Column: As political pressure for approval intensifies, the case for a big desalination plant remains cloudy
You can surmise that a business is running into trouble when it starts lining up political firepower. Consider Poseidon Water, which has been trying for nearly 20 years to win approval for a $1-billion desalination plant on the Huntington Beach coastline.
Poseidon, which was acquired in 2015 by the giant Canadian conglomerate Brookfield Asset Management, has never been a skinflint with campaign and lobbying cash. As my colleague Bettina Boxall reported last year, the company has spent $1.6 million since 2000 on those efforts. Among its attorneys in proceedings before state regulators has been Kathleen Brown, Gov. Jerry Brown’s sister.
Last month, Poseidon added another name to its roster of influential representatives: former Democratic U.S. Sen. Barbara Boxer, who retired at the end of last year. Boxer says she’s been hired to represent Poseidon before state agencies with permitting jurisdiction over the project.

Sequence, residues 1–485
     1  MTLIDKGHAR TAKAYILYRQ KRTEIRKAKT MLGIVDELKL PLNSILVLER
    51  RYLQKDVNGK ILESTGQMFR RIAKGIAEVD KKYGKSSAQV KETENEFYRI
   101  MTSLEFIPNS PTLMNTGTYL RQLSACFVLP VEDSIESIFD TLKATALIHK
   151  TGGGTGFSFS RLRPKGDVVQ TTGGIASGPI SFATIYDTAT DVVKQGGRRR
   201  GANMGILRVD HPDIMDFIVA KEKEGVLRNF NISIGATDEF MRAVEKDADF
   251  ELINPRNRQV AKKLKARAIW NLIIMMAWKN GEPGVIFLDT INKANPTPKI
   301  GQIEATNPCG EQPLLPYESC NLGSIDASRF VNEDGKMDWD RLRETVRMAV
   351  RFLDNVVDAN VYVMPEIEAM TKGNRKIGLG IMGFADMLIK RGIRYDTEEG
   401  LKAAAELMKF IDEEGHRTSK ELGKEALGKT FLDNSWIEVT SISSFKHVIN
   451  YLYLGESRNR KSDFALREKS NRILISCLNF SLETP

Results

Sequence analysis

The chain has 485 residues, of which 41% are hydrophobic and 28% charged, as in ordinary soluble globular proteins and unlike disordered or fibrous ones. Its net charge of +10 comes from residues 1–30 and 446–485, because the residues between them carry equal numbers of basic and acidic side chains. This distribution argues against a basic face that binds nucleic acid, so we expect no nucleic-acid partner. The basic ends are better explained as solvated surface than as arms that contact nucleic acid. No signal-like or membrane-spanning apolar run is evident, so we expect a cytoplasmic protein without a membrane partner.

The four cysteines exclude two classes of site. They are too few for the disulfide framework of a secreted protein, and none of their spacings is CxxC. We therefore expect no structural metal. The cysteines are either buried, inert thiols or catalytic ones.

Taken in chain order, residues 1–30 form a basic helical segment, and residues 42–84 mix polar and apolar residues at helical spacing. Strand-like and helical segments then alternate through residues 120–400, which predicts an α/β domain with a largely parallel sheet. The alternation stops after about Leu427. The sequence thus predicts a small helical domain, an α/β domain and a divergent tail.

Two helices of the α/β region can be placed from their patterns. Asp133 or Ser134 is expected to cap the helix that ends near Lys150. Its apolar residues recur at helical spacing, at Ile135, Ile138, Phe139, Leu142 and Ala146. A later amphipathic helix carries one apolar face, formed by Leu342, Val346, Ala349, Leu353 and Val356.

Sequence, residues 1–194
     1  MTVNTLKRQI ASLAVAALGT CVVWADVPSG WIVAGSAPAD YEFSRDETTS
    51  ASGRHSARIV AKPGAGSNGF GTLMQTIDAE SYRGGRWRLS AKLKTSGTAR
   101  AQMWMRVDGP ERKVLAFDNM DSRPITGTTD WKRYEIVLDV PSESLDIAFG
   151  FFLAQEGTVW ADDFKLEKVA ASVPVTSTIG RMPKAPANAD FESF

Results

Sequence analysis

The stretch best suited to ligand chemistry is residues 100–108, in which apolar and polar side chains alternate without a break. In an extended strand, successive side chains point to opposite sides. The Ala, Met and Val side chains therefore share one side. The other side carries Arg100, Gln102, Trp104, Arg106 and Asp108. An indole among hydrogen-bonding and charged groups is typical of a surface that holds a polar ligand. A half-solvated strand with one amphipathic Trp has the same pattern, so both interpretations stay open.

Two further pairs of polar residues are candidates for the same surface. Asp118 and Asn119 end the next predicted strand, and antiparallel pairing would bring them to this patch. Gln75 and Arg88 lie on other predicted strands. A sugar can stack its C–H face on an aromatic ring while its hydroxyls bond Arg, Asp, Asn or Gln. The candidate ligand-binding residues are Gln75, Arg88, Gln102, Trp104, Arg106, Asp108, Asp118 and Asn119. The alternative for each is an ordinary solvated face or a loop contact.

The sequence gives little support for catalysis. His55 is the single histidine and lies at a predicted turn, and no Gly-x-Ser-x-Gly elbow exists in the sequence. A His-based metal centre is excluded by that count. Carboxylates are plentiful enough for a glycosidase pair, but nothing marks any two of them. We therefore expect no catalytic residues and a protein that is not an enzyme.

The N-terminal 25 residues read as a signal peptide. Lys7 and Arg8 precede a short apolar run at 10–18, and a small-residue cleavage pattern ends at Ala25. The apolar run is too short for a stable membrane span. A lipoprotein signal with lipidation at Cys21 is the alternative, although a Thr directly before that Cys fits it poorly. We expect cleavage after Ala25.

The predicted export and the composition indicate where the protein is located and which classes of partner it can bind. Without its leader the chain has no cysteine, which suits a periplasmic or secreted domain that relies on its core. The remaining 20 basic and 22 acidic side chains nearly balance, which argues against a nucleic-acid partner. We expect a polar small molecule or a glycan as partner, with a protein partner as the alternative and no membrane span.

It’s going to pollute our water, kill our marine life and cost a fortune, and we don’t need it.
— Ray Hiemstra, Orange County Coastkeeper
She wouldn’t say how much she’s getting paid, but says she has long been a supporter of desalination as an option to fill California’s water needs and is a fan of the Huntington Beach project specifically.
“I think this project is right,” she told me. “I was surprised to hear when they called me and asked me to help that it wasn’t done yet.”
But questions persist about whether the plant actually is “right.” That’s despite decades of discussion and Poseidon’s experience building and operating a major desalination plant in Carlsbad, which began serving San Diego with 50 million gallons of desalted seawater in 2015.
“We’ve seen a much more aggressive campaign from Poseidon while the local water agencies are beginning to get cold feet,” says Susan Jordan, executive director of the California Coastal Protection Network and a leading critic of the project.
Environmental groups remain firmly opposed to the plant, which would be at the site of a decommissioned electric generating station on Pacific Coast Highway. “It’s going to pollute our water, kill our marine life and cost a fortune, and we don’t need it,” says Ray Hiemstra, a top official at Orange County Coastkeeper.